Even if sirolimus does induce LVH regression in addition to its antitumoural, antivasculopathic, and immunosuppressive effects, it is not a panacea. As might be expected, given the very fundamental functions of mTOR, the administration of mTOR inhibitors has been associated with numerous adverse side effects with varying degrees of manageability, including hyperlipidaemia, defective wound healing, oedema, bacterial infections, acne, pneumonitis, and proteinuria.17 Together with the immunosuppressive action of mTOR inhibitors, these effects call for great caution to be exercised in regard to the tacit suggestion of Kushwaha et al. that sirolimus may be a valid therapeutic approach to LVH in non-transplant patients.
The renal effects of replacing CNIs with mTOR inhibitors are particularly controversial. Although mTOR inhibitors are not themselves nephrotoxic, and their substitution for CNIs therefore reduces renal insult, there have been reports that total withdrawal of CNIs increases the risk of kidney graft rejection,18 while partial withdrawal is called into question by reports that mTOR inhibitors potentiate the nephrotoxicity of CNIs.17 Other studies have observed improved renal function without increased rejection risk in the total absence of CNIs,3,19 or that renal function improved when low-level CNI administration accompanied administration of an mTOR inhibitor. Since the increased rejection risk seems mainly to affect patients in their first post-transplant year, some authors have recommended that mTOR inhibitors be used in conjunction with low-level CNI administration during this period.17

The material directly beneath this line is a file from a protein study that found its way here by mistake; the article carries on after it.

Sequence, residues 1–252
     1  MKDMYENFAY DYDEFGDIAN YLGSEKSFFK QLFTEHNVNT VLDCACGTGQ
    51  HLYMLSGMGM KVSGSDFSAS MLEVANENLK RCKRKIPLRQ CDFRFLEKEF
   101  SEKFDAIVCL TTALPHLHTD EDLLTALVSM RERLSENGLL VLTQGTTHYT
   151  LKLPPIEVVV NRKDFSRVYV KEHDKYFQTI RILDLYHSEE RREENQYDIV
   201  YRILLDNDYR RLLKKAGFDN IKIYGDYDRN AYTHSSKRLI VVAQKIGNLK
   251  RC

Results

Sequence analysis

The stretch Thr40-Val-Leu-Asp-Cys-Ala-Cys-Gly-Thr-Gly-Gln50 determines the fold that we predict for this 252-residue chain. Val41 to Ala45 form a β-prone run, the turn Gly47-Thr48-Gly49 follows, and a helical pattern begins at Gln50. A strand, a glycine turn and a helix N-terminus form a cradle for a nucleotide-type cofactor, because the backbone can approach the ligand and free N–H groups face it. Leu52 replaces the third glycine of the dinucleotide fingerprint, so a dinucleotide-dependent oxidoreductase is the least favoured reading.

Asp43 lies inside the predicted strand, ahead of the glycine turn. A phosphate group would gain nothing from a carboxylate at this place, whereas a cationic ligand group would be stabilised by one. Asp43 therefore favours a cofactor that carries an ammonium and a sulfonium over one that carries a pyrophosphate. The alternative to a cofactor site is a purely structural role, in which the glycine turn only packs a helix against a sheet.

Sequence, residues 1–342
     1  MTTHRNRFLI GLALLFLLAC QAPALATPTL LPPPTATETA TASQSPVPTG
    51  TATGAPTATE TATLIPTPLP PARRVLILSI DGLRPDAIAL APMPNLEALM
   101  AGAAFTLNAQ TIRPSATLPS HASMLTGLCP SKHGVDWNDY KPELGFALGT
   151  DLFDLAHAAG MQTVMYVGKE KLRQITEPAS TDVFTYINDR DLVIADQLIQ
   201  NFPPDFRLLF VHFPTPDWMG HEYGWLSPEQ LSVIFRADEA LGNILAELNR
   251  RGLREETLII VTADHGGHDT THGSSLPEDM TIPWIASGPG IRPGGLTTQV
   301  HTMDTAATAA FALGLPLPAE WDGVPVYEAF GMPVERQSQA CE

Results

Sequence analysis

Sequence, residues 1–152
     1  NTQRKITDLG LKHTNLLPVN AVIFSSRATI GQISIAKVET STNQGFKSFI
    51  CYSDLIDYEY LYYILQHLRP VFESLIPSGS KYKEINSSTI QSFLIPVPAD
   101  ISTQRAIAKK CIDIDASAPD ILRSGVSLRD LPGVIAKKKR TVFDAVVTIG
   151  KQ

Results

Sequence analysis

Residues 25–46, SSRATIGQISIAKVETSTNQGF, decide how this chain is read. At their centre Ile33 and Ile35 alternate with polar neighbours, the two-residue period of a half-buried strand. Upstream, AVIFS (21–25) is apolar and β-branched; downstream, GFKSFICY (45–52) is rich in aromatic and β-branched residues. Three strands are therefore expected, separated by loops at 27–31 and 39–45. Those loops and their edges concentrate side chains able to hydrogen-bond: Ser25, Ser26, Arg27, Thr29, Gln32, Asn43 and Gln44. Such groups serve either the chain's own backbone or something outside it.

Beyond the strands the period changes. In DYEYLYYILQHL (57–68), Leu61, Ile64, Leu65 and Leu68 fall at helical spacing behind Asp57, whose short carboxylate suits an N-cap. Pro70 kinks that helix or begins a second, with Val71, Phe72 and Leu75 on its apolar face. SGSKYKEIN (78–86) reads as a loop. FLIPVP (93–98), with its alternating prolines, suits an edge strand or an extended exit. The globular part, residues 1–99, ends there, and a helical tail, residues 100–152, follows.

Another factor to be taken into account is the possible desirability of administering mTOR inhibitors together with additional drugs that counteract some of the mechanisms by which the cell responds to mTOR inhibition. It is known that there is a negative feedback loop whereby inhibition of mTORC1 by sirolimus increases AKT activation, which tends to restore mTOR activity;20 and Carracedo et al.21 have recently reported that cancer patients exhibit a second negative feedback loop, with similar effects, involving the mitogen-activated protein kinase pathway.
Kushwaha et al.'s findings open up exciting perspectives for the treatment of post-HT LVH. They call for more thorough evaluation in randomized trials that allow overall assessment of the pros and cons of mTOR inhibitor therapy. mTOR inhibitors certainly seem to have a role to play in the management of transplant patients; in the coming years, further research must characterize that role more fully.
Conflict of interest: M.G.C.-L. reports having received grant support from Wyeth, Novartis and Astellas Pharma.